Call your veterinarian or an animal poison control hotline

Call your vet or an animal poison control hotline immediately for guidance on what to do next. In the US, the ASPCA Animal Poison Control Center is available 24/7 at (888) 426-4435.

Induce vomiting (if instructed)

Use hydrogen peroxide only if your veterinarian or poison control center instructs you to induce vomiting. Use a 3-percent solution to make your dog throw up.

Monitor your dog closely for symptoms of chocolate poisoning

Watch your dog closely for signs of chocolate poisoning. The symptoms include vomiting, diarrhea, hyperactivity, tremors, seizures, and abnormal heart rate or rhythm.

Keep your dog comfortable and quiet

Provide a comfortable and quiet space to minimize any discomfort they may be experiencing.

Do not feed your dog any other food for the time being

Feeding your dog anything else may interfere with the treatment and diagnosis of chocolate poisoning.

Instead, wait for several hours or further instructions from your vet before giving your dog any food.

Wanna learn more dog care tips? Check this out: My Dog Sounds Like He Has a Hairball:  What Do I Do?  

Treatment Options for Chocolate Toxicity in Dogs


Chocolate is a delicious treat for us, but it’s one of the most dangerous treats for dogs.

If your dog has ingested chocolate, you need to act quickly.

The following are possible immediate treatment options for chocolate toxicity in dogs:

Activated charcoal

Activated charcoal is a popular treatment for dog chocolate poisoning.

Here’s more information:

  • Administration: Activated charcoal is typically given orally or by enema in dogs.
  • Binding Time: It takes minutes to hours to bind with cocoa and prevent its absorption into your dog’s bloodstream. Yet, it can also prevent diarrhea and vomiting when absorbed into the digestive tract.
  • Organic Ingredients: Organic substances used, like coal and coconut shell, make activated charcoal, making it a natural and safe treatment option for dogs.

Intravenous fluids

If your dog shows signs of dehydration from vomiting and diarrhea, IV fluids are necessary.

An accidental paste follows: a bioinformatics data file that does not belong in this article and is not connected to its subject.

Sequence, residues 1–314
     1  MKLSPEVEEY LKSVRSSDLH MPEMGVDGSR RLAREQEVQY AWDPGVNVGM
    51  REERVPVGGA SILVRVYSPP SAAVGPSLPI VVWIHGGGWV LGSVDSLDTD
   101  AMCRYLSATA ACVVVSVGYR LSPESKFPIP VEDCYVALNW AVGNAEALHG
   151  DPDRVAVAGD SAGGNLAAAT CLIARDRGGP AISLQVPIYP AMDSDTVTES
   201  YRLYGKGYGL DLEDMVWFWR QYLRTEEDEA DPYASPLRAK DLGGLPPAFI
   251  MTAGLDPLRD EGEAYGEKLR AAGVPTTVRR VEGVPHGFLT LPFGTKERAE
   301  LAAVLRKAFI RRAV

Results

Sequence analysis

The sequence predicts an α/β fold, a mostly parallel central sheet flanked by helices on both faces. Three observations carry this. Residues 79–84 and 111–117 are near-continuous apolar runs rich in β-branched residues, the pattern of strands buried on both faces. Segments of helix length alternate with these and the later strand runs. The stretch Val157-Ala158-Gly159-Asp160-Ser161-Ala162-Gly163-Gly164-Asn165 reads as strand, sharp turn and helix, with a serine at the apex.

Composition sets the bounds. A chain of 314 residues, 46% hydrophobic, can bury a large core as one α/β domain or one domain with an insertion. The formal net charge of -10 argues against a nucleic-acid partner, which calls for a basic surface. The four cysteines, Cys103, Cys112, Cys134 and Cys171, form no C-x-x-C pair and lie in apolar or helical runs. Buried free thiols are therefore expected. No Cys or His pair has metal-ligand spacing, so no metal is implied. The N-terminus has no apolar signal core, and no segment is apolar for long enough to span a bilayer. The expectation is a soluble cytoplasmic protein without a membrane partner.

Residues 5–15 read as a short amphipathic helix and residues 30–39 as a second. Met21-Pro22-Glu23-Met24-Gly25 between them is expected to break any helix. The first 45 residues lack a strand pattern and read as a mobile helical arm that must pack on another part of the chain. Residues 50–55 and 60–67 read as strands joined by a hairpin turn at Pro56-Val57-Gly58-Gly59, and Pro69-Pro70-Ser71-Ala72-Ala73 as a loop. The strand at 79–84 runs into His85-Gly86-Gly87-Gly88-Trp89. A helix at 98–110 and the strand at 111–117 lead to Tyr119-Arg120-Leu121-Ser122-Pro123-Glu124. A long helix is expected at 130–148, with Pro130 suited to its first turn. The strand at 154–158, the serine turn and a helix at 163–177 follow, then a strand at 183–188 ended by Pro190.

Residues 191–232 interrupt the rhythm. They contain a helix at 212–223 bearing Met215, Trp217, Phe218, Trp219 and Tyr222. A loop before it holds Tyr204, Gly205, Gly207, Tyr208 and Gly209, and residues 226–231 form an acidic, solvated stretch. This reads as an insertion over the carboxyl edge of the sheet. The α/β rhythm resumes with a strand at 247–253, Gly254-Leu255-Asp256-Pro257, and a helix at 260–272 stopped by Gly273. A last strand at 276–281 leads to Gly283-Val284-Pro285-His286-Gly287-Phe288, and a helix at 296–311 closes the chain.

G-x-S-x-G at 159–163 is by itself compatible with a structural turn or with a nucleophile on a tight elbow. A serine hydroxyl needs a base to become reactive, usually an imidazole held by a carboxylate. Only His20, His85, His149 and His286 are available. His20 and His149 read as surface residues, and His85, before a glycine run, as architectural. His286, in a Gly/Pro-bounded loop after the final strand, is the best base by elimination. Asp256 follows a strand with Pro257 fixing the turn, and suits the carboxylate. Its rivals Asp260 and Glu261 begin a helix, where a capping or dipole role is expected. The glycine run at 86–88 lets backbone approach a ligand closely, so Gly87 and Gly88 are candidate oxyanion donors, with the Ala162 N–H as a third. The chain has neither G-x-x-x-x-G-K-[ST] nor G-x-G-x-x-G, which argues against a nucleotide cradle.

These fluids can also help prevent the body from absorbing more cocoa after giving activated charcoal.


Your vet may prescribe medications for seizures, irregular heart rates, or other symptoms.


In severe cases of chocolate poisoning, hospitalization may be necessary for monitoring and supportive care.

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How to Prevent Chocolate Toxicity in Dogs?

The number of symptoms depends on how much your dog consumes, from mild digestive upset to seizures or even death. 

But with a few simple precautions, you can easily prevent chocolate toxicity in your dog and keep them safe and healthy. 

Continue reading for some easy steps to protect your dog from the dangers of chocolate.

Keeping chocolate products away from your dog

  • Store all chocolate and chocolate-containing products in secure containers and cabinets.
  • Dispose of all chocolate wrappers and containers properly.
  • Teach your dog the “leave it” or “drop it” commands.

Educating yourself on chocolate poisoning

  • Learn about the symptoms of chocolate poisoning in dogs.
  • Monitor your dog’s behavior for any signs of chocolate consumption.

Feeding dogs alternatives to chocolate

  • Offer your dog safe and healthy options for chocolate.
  • Feed multiple dogs separately to prevent competition over food.

Visiting or hosting gatherings

  • Be cautious when visiting or hosting gatherings where chocolate may be present.
  • Ensure guests are aware of the risks of feeding your dog chocolate.

In case of accidental chocolate consumption

  • Contact your veterinarian immediately.
  • Monitor your dog for any symptoms of poisoning.

Frequently Asked Questions (FAQs)

What makes chocolate toxic to dogs?

Chocolate consists of theobromine, which is toxic to dogs. The more bitter and darker the chocolate is, the greater the danger. The chemicals can significantly affect your dog, giving rise to symptoms like vomiting, diarrhea, and even seizures.

How much chocolate is too much for a dog?

The toxicity level depends on the type of chocolate, the dog’s size, and how much they consume. Eating just 2-3 ounces of dark chocolate could poison a 20-pound dog.

Can dogs eat any type of chocolate?

No, dogs shouldn’t eat any chocolate! It’s toxic for them, and they can get sick. Theobromine, a chemical found in all types of chocolate, causes dogs to get sick. And It is harmful if consumed in large amounts.

In Conclusion: My Dog Ate a Reese’s Cup

Unfortunate things do happen, so don’t beat yourself up if you find yourself in this situation.

This should highlight the importance of vigilance in pet care, so ss responsible pet owners, let us be mindful of our surroundings, educate ourselves on potential hazards, and strive to create a safe environment for our beloved companions.

You can get it right!

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Zack Keithy
Zack Keithy

Hey, I'm Zack, the Chief Editor here. I was formerly a Certified Veterinary Technician (CVT) for a good 6 years before moving on to greener pastures. Right now, I am still heavily involved in dog parenting duties, and it is my desire to share all our knowledge with fellow dog owners out there! Connect with me on LinkedIn, or read more about Daily Dog Drama!